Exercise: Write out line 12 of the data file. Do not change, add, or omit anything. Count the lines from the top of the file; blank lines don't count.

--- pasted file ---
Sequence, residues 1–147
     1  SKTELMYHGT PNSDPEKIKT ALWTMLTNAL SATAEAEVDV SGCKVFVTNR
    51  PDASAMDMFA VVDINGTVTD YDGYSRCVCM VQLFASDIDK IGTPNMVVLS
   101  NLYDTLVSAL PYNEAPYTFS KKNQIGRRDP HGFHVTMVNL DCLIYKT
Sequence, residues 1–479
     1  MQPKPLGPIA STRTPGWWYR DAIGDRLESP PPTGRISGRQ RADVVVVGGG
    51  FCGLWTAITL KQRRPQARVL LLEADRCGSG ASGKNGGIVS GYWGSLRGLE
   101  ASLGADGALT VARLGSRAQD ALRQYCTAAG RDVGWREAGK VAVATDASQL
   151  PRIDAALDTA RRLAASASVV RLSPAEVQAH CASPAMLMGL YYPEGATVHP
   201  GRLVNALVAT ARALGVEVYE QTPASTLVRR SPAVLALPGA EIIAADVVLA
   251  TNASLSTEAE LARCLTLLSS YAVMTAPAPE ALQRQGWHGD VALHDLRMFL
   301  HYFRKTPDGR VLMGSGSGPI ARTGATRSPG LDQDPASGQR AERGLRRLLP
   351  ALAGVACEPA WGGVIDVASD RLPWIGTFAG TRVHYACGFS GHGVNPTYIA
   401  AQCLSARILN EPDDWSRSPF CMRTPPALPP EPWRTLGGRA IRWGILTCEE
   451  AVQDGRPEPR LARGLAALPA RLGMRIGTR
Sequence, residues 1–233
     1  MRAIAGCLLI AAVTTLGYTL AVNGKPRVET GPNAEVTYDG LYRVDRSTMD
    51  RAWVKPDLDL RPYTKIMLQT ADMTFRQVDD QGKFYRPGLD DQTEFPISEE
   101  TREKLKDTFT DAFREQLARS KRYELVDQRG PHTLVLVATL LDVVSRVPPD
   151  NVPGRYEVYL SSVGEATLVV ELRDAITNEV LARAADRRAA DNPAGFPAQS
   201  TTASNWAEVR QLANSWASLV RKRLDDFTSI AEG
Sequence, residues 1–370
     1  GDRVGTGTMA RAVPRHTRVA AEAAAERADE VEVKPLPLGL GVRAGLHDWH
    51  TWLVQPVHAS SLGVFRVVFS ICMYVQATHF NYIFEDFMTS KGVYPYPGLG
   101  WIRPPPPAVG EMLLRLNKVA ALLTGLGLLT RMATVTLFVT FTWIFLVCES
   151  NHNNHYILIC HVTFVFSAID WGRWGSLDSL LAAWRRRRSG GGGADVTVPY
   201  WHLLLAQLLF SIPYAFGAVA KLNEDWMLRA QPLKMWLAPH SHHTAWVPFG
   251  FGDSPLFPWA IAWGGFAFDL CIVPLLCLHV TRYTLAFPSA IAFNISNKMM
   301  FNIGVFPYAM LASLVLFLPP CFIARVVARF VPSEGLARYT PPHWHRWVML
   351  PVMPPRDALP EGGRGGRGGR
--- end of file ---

   301  HYFRKTPDGR VLMGSGSGPI ARTGATRSPG LDQDPASGQR AERGLRRLLP